Is owning an independent pharmacy profitable – and is it the best strategic move for you?
This is a tough question to answer, especially as the pharmacy market in the U.S. continues to evolve. There are lots of moving pieces to consider when evaluating the financial pros and cons of making the leap from pharmacist to pharmacy owner.
One of the most important factors that’s going to affect your ultimate decision is salary. Will your income as an owner be higher than as a pharmacist, and if so, by how much? But what about the other costs: stress level, financial risk and work/life balance? Would the transition be an upgrade or a downgrade for you? Much to consider.
As you evaluate making a career transition from pharmacist to owner, there are pros and cons to each.
Pharmacist as an Employee
As an employee, it can be a pretty sweet gig – if it is just about a paycheck. Pharmacists were the 36th most highly paid occupation in 2018 – edging out astronomers and physicists – with total base compensation reaching $38.3 billion across the U.S., an increase of $633 million over the previous year.
According to data produced by the U.S. Bureau of Labor Statistics, as a pharmacist you may earn an hourly wage of approximately $60.10, for an annual salary of $125,510. Other data sources, such as recruiting sites provide averages based on recent postings and geography. These are estimates and can vary widely based on education and responsibility levels, certifications, type of employer and what the local market will bear. Market trends suggest that earning capabilities will keep rising.
What else to expect as an employee vs owner? Someone else is responsible for providing your benefits, support staff and inventory. And at the end of your shift, you can typically go home and forget about it until the next time you are scheduled to work.
But is that all you want?
The downside can be the lack of control over your destiny – and that of your customers. The overall operations not working optimally? You won’t typically get a vote on what needs to change to drive success. Feel that the customers could use a more personalized approach? If you are the Pharmacy Manager, you may get to make some suggestions, but if you work for one of the large retail chains, the processes and procedures are likely outside your sphere of control.
Being the owner of an independent pharmacy takes you beyond working strictly for a paycheck.
Pharmacist as Owner
It adds both the opportunity and risk in making a commitment to establishing and running a business in your community. It allows you to make the decisions about the service approach – and to better connect with your customers. Before diving into what you can expect as a community pharmacist owner, you should take a moment to understand the factors that influence your success.
A typical independent pharmacy’s revenue is primarily generated from prescription drugs, followed by over-the-counter products, vitamins, cosmetics, groceries, and other goods. Since what you’re able to pay yourself will ultimately come from the profits you earn and the choices you make, you’ll want to assess the opportunities that new offerings and services can make to the bottom line.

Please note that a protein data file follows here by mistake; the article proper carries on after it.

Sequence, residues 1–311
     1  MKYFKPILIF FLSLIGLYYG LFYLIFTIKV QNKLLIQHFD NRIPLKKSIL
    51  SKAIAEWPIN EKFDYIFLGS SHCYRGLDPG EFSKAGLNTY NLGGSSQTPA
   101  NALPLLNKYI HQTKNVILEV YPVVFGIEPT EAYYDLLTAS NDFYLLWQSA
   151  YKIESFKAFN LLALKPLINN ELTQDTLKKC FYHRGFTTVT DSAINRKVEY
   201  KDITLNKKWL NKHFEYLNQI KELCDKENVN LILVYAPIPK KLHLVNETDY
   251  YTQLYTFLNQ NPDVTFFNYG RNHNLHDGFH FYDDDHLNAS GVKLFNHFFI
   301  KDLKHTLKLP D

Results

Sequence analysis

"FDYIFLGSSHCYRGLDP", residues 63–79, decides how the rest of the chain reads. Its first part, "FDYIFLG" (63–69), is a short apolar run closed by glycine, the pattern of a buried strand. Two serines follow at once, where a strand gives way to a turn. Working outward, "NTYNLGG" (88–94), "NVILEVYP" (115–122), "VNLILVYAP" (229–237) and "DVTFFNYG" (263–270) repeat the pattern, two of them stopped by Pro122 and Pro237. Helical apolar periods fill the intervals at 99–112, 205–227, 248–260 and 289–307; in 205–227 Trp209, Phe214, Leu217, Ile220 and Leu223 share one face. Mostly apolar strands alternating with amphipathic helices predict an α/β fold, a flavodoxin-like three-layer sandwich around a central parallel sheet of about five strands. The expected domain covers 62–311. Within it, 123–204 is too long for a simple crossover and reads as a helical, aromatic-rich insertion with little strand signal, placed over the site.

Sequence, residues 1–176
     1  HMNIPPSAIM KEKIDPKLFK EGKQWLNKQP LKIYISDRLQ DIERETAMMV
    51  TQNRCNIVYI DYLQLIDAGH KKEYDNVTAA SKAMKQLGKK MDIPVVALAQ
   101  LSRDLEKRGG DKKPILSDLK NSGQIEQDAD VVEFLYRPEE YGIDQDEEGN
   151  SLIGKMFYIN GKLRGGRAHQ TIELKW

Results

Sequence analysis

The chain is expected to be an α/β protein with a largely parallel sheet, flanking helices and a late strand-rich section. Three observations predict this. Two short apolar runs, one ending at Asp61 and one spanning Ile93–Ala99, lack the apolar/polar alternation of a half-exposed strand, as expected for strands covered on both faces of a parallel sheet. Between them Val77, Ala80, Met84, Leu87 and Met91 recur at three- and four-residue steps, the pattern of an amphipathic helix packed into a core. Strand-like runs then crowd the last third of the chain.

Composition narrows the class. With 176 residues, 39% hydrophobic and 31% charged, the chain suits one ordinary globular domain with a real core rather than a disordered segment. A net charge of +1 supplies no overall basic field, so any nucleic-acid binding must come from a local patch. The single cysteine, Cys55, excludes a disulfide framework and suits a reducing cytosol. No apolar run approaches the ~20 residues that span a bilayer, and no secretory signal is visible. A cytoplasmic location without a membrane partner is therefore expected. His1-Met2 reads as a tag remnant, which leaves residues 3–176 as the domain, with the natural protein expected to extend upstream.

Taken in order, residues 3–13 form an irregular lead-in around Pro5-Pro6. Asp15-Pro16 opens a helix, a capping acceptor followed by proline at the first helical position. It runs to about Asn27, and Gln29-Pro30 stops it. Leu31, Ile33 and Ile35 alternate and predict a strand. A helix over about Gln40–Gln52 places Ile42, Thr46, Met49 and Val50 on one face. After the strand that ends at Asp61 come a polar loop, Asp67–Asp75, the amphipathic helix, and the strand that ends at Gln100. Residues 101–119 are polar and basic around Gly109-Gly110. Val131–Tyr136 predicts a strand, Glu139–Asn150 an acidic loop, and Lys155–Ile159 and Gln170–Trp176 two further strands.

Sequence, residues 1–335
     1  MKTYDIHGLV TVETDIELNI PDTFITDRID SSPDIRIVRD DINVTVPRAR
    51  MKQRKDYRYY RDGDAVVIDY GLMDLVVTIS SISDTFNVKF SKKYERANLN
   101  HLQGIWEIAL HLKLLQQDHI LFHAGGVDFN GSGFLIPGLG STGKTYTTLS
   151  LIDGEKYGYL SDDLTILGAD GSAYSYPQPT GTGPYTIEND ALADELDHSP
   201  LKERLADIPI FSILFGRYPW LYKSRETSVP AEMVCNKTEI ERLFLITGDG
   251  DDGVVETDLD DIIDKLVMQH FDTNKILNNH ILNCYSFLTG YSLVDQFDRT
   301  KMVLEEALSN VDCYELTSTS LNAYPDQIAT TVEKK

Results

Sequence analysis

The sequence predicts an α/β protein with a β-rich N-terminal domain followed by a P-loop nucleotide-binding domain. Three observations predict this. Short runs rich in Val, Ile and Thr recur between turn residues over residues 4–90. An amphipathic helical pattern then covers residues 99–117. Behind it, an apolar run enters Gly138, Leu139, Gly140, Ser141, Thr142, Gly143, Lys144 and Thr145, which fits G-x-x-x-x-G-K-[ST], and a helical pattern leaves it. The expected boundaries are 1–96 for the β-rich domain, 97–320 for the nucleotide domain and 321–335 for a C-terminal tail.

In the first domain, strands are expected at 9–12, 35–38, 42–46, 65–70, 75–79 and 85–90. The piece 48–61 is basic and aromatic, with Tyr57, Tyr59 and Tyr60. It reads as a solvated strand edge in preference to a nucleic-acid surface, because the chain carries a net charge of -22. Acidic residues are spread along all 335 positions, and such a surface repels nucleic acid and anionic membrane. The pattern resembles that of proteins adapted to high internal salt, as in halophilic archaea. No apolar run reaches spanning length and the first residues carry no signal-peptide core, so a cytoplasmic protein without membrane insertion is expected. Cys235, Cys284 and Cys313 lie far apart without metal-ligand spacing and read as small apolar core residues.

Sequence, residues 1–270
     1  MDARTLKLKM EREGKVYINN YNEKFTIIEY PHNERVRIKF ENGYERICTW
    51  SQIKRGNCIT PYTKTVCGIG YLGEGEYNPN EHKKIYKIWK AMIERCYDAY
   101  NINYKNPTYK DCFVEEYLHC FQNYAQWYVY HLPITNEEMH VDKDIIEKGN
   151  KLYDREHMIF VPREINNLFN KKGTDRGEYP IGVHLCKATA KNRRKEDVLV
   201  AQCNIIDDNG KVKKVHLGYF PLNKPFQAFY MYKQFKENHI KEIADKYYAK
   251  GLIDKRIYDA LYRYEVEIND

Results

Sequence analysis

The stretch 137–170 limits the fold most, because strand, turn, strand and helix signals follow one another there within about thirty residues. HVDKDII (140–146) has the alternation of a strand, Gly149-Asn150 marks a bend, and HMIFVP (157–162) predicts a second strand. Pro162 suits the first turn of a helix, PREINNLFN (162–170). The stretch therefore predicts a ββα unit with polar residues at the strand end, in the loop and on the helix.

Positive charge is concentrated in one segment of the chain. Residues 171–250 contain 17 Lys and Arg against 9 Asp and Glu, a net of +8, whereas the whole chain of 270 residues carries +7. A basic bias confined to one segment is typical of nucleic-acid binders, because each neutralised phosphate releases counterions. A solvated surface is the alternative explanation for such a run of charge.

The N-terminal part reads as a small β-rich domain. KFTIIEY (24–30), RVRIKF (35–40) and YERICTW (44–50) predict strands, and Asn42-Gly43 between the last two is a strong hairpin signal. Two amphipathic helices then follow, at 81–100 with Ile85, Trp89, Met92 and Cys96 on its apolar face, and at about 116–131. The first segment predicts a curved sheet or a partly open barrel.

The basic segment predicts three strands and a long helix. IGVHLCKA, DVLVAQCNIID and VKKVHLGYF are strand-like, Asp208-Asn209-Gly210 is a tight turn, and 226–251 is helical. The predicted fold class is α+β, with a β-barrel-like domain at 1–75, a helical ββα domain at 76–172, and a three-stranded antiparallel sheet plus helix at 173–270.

Let’s take a look at a few more metrics. In 2018, the average annual prescription volume per pharmacy dropped by -0.5%%, to 58,823 prescriptions. Estimates show that on a per-pharmacy basis, the owner’s discretionary profit also shrank from $200,000 in 2015 to $129,000 in 2018. During this time, non-owner payroll expenses stayed relatively constant, which means the decrease in owner revenue was directly related to the lower volume of prescriptions per pharmacy.
This industry trend suggests that the salary gap between a pharmacy owner and a pharmacy employee has almost vanished in independent pharmacies that rely heavily on prescription volume to generate revenue, which is to say, most of them. Given that pharmacy owners assume more risks by taking on ownership responsibilities, and the stresses of starting a new business are well-documented, you should also consider potential tradeoffs outside of salary that might affect your decision.
The bottom line is, be sure to understand your customers, what products and services they’ll require, and whether or not you’ll be able to turn a profit before making the significant financial investment into owning your own business. Working with your advising team to evaluate a specific pharmacy opportunity and your business plan is key to making an informed decision.
Making an Investment Decision
If you’re looking to advance your career in the independent pharmacy industry, then becoming a pharmacy owner can be an exciting next step. With great risk comes great reward, and you’ll want to make sure you understand the likelihoods of each when exploring your options.
Before making any significant financial decisions, speak with a financial consultant to determine if you’re able to take on the risk associated with opening a new business. You may also want to reach out to other pharmacy industry specialists to stay on top of trends that will affect your bottom line. At the end of the day, you want to act on an informed financial decision that’s best for you, so make sure you do so with the most accurate information possible.